Intorduction. The Actinide and Transactinide Elements.

The actinide group consist of following elements: Actin­ium - [Ac], Thor­ium - [Th], Protac­tinium - [Pa], Ura­nium - [U], Neptu­nium - [Np], Pluto­nium - [Pu], Ameri­cium - [Am], Curium - [Cm], Berkel­ium - [Bk], Califor­nium - [Cf], Einstei­nium - [Es], Fer­mium - [Fm], Mende­levium - [Md], Nobel­ium - [No], Lawren­cium - [Lr].

The “actinides” (“actinons” or “actinoids”) are the fourteen elements from thorium to lawrencium inclusive, which follow actinium in the periodic table. They are analogous to the lanthanides and result from the filling of the 5f orbitals, as the lanthanides result from the filling of the 4f. The position of actinium, like that of lanthanum, is somewhat equivocal and, although not itself an actinide, it is often included with them for comparative purposes.

Prior to 1940 only the naturally occurring actinides (thorium, protactinium and uranium) were known; the remainder have been produced artificially since then. The "transactinides" are still being synthesized and so far the nine elements with atomic numbers 104-112 have been reliably established. Indeed, the 20 manmade transuranium elements together with technetium and promethium now constitute onefifth of all the known chemical elements. In 1789 M. H. Klaproth examined pitchblende, thought at the time to be a mixed oxide ore of zinc, iron and tungsten, and showed that it contained a new element which he named uranium after the recently discovered planet, Uranus. Then in 1828 J. J. Berzelius obtained an oxide, from a Norwegian ore now known as “thorite”; he named this thoria after the Scandinavian god of war and, by reduction of its tetrachloride with potassium, isolated the metal thorium. The same method was subsequently used in 1841 by B. Peligot to effect the first preparation of metallic uranium. The much rarer element, protactinium, was not found until 1913 when K. Fajans and O. Gohring identified 234Pa as an unstable member of the 238U decay series:

92238U ( -α ) → 90234Th ( -β ) → 91234Pa ( -β ) → 92234U

They named it brevium because of its short half-life (6.70 h). The more stable isotope 231Pa (T1/2 = 32760 y) was identified 3 years later by O. Hahn and L. Meitner and independently by F. Soddy and J. A. Cranston as a product of 235U decay:

92235U ( -α ) → 90231Th ( -β ) → 91231Pa ( -α ) → 89227Ac

As the parent of actinium in this series it was named protoactinium, shortened in 1949 to protactinium. Because of its low natural abundance its chemistry was obscure until 1960 when A. G. Maddock and coworkers at the UK Atomic Energy Authority worked up about 130 g from 60 tons of sludge which had accumulated during the extraction of uranium from UO2 ores. It is from this sample, distributed to numerous laboratories throughout the world, that the bulk of our knowledge of the element’s chemistry was gleaned.

In the early years of this century the periodic table ended with element 92 but, with J. Chadwick’s discovery of the neutron in 1932 and the realization that neutron-capture by a heavy atom is frequently followed by, femission yielding the next higher element, the synthesis of new elements became an exciting possibility. E. Fermi and others were quick to attempt the synthesis of element 93 by neutron bombardment of 238U, but it gradually became evident that the main result of the process was not the production of element 93 but nuclear fission, which produces lighter elements. However, in 1940, E. M. McMillan and P. H. Abelson in Berkeley, California, were able to identify, along with the fission products, a short-lived isotope of element 93 (T1/2 = 2.355 days):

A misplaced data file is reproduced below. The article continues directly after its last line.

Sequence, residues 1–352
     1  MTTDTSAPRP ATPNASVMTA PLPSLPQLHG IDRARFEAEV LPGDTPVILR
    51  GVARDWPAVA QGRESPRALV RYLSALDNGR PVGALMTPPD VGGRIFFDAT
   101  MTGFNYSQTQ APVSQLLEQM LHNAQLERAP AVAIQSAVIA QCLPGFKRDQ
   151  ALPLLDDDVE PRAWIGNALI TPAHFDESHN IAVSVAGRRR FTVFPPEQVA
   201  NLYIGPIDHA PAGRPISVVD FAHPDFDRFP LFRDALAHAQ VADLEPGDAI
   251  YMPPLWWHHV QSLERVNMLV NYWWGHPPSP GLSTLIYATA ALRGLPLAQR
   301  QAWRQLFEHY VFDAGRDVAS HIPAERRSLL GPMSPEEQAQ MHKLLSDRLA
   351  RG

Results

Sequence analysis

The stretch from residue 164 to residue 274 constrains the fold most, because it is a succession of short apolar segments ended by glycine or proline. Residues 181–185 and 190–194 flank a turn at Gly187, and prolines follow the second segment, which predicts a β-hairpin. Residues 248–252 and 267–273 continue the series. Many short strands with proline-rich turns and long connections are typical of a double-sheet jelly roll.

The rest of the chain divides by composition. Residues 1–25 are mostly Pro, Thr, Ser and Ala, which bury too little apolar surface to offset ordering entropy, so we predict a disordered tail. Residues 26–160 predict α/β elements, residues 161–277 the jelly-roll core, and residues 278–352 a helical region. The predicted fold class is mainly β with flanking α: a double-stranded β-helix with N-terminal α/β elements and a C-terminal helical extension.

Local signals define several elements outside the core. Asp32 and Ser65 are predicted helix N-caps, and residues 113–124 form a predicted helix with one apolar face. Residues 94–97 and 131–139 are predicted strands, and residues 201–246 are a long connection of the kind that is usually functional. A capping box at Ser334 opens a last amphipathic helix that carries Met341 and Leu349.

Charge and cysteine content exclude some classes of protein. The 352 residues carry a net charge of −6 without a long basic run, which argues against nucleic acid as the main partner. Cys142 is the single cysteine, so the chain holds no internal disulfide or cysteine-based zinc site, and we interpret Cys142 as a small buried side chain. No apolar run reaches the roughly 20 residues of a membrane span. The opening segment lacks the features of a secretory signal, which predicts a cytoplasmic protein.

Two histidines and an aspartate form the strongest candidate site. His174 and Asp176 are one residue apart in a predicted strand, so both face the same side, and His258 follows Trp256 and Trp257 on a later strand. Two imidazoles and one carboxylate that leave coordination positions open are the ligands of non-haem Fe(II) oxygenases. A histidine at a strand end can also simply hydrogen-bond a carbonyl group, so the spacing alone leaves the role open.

92238U + 01n → 92239U ( -β ) → 93239Np

As it was the next element after uranium in the now extended periodic table it was named neptunium after Neptune, which is the next planet beyond Uranus. The remaining actinide elements were prepared by various "bombardment" techniques fairly regularly over the next 25 years though, for reasons of national security, publication of the results was sometimes delayed. The dominant figure in this field has been G. T. Seaborg, of the University of California, Berkeley, in early recognition of which, he and E. M. McMillan were awarded the 1951 Nobel Prize for Chemistry.

The isolation and haracterization of these elements, particularly the heavier ones, has posed enormous problems. Individual elements are not produced cleanly in isolation, but must be separated from other actinides as well as from lanthanides produced simultaneously by fission. In addition, all the actinides are radioactive, their stability decreasing with increasing atomic number, and this has two serious consequences. Firstly, it is necessary to employ elaborate radiation shielding and so, in many cases, operations must be carried out by remote control. Secondly, the heavier elements are produced only in the minutest amounts. Thus mendelevium was first prepared in almost unbelievably small yields of the order of 1 to 3 atoms per experiment!